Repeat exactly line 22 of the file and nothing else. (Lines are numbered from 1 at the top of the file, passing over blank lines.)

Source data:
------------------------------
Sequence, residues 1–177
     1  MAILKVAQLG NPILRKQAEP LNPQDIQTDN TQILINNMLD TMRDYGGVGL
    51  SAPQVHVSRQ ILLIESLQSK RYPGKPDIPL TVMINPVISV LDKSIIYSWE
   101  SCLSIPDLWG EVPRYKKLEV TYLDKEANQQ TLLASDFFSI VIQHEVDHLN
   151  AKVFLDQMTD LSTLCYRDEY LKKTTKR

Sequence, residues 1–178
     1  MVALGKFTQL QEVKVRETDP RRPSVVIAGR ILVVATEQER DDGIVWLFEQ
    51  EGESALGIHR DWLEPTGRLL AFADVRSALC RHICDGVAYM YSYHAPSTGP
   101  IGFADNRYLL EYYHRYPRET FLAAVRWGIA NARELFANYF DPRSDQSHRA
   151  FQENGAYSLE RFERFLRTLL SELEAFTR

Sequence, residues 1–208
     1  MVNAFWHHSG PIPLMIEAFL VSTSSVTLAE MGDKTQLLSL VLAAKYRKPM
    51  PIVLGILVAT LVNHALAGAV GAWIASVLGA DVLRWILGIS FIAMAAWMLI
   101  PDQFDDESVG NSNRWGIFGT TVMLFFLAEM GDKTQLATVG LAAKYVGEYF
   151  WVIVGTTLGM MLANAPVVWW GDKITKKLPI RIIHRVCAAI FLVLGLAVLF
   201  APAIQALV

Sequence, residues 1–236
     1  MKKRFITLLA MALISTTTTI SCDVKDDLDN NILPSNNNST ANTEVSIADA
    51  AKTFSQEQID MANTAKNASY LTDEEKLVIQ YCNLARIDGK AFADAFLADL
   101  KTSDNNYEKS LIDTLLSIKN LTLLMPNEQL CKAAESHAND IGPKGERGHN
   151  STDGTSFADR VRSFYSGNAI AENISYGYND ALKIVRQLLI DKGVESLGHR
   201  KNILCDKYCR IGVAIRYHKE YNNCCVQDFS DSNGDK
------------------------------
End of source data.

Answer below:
   201  KNILCDKYCR IGVAIRYHKE YNNCCVQDFS DSNGDK